Carmen Montón of the Socialist Party has become the latest politician to be caught up in a scandal involving irregularities at Madrid’s King Juan Carlos University
Health Minister Carmen Montón has become the latest Spanish politician to become caught up in an ongoing controversy over master’s degrees awarded by Madrid’s King Juan Carlos University (URJC). As reported today by Spanish news website eldiario.es, the grades that Montón achieved on a master’s course in Interdisciplinary Gender Studies were changed subsequent to its completion.
This latest episode in connection with the URJC comes after irregularities emerged regarding master’s degrees obtained at the same institution by former Madrid regional premier Cristina Cifuentes, and by the current leader of the conservative Popular Party (PP) Pablo Casado. Both Cifuentes and Casado deny any wrongdoing, although the former was eventually forced to step down after a video of her attempting to steal items from a supermarket was leaked to the press, compounding the master’s scandal that she was already caught up in.
Socialist Party (PSOE) Health Minister Montón has also denied any wrongdoing, using a similar argument to the one voiced by both Cifuentes and Casado: that they simply followed instructions and requirements communicated to them by the URJC.
In the wake of today’s news, the URJC released a statement saying that Montón’s “file is being reviewed course by course, to establish in which context these grade changes that have been revealed by an inspection were made.”
The URJC added that the investigations were being carried out with “the utmost diligence” so that there will be results “soon” and “appropriate measures” can be taken.
On Tuesday morning Montón once again insisted that she had not done anything wrong. But voices within her own party are starting to demand that she step down.
“When I handed over my final thesis, I took that to mean that I had passed everything,” she said in an interview with radio network Cadena SER. “I think that a person who has done nothing irregular should not be undermined.”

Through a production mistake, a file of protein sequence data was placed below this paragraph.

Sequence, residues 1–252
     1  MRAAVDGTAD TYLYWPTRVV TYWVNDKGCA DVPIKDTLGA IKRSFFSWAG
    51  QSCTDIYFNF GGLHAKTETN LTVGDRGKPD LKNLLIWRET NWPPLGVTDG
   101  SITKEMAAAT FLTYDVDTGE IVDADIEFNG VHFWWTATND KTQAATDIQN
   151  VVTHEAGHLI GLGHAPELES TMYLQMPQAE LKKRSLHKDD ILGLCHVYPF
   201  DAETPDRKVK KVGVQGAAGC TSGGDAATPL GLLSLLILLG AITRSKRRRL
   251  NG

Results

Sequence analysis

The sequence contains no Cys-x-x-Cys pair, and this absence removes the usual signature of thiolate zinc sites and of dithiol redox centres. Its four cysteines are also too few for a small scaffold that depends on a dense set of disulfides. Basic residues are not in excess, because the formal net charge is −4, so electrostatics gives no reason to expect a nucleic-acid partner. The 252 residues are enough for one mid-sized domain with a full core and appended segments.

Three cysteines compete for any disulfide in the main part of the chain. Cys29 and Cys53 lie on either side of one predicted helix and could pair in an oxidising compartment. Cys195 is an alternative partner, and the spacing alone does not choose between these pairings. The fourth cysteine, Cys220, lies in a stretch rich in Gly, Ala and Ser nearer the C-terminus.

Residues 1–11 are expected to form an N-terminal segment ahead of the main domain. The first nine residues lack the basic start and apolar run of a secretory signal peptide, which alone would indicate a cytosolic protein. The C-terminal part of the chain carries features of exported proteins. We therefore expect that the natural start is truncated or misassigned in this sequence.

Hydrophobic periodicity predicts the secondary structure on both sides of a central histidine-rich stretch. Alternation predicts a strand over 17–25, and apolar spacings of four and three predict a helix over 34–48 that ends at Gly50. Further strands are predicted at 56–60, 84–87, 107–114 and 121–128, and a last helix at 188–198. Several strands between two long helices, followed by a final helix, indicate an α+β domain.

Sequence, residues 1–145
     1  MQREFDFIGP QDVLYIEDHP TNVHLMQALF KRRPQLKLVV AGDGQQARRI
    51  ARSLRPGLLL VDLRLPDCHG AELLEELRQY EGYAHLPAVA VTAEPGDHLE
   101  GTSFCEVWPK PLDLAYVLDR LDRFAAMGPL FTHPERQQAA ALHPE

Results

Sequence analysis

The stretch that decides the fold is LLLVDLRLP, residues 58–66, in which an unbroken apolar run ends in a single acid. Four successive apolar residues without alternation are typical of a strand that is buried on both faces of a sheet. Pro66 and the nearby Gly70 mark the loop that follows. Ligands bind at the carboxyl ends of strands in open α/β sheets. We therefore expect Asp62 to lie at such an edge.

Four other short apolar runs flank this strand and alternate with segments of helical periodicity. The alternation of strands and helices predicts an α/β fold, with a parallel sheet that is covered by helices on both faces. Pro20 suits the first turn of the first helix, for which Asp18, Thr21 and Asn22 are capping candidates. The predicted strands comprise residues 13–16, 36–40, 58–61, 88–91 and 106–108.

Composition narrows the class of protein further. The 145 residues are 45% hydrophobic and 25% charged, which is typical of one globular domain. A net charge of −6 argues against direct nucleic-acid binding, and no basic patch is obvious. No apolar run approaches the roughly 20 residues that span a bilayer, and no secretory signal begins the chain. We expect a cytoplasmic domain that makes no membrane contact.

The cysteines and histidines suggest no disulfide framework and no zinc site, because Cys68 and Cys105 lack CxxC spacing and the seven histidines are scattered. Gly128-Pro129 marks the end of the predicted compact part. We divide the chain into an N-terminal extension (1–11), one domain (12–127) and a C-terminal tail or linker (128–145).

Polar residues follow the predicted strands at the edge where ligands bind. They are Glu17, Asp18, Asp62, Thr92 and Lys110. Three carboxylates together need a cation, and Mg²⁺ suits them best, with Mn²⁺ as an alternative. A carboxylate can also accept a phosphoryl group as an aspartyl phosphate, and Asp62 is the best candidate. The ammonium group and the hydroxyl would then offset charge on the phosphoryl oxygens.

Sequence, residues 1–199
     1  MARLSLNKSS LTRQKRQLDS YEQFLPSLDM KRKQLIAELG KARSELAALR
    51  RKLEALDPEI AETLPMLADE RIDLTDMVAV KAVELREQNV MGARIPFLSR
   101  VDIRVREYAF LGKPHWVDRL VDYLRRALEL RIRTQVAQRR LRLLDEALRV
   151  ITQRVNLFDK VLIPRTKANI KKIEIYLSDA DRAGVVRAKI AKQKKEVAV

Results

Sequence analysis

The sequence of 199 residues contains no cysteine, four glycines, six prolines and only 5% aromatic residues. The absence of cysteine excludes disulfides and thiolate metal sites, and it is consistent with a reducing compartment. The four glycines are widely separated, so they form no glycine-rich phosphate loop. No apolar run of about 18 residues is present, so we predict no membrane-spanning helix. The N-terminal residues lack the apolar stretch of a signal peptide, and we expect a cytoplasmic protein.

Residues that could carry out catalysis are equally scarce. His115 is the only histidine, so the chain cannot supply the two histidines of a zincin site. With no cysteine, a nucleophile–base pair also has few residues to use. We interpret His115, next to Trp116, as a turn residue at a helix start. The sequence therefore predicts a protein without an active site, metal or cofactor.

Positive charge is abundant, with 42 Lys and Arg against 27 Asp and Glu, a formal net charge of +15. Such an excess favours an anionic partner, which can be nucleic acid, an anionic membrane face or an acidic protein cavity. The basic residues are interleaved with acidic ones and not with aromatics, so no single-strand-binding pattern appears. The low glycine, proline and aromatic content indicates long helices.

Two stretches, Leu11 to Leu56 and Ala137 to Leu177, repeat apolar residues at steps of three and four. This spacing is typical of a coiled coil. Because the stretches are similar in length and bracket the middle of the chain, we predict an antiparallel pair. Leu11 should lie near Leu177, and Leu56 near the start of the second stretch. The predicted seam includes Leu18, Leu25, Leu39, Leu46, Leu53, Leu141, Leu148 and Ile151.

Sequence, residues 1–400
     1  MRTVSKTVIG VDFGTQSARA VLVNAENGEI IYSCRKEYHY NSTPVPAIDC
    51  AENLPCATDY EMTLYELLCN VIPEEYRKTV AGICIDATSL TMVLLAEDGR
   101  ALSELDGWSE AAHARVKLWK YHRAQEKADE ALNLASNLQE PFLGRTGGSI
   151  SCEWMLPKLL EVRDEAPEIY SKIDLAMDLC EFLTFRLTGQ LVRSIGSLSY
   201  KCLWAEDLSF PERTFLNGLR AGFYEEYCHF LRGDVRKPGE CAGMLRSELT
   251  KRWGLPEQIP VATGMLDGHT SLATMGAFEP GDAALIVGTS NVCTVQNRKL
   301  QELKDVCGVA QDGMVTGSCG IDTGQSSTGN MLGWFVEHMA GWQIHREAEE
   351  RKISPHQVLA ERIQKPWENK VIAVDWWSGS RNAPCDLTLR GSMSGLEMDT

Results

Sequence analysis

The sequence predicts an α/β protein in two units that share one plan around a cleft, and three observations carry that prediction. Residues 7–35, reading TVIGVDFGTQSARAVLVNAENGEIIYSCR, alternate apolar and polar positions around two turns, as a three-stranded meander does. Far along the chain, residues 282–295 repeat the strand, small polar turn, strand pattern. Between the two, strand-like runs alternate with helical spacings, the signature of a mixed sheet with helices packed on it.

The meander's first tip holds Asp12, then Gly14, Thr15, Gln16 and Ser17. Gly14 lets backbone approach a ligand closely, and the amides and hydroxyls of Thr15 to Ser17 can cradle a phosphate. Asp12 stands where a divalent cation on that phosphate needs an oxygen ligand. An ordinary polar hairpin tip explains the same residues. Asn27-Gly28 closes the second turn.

“I am in constant contact with the prime minister [Pedro Sánchez], and the deputy prime minister [Carmen Calvo.] [Sánchez] wants me to be strong and to give clear explanations,” she said this morning.
According to the story published by eldiario.es, Montón did not pass all parts of the masters’ course in June 2011. According to her student records, at least one part of the coursework is marked as “not submitted.”
The minister has stated that she handed over her final thesis on gender studies in June 2011, something that would have been irregular since at the time she had not completed all of the coursework – an essential requisite.
On November 25, 2011, “someone entered the IT system” of the URJC and changed “not submitted” to a “pass,” despite the fact that the administrative procedures for the course had been closed, according to eldiario.es. This alleged modification of the grades outside of the deadline would explain why Montón’s official certificate states that she completed the course in 2012.
“I have no response for that because this is outside my area of responsibility,” Montón stated a day after the controversy first broke.
For now, her own party and the government are supporting Montón. However, the fear of both the PSOE and Sánchez’s executive is that more revelations about the case will emerge – as they have done today.
“I will continue to face the music,” Montón stated in this morning’s interview with Cadena SER.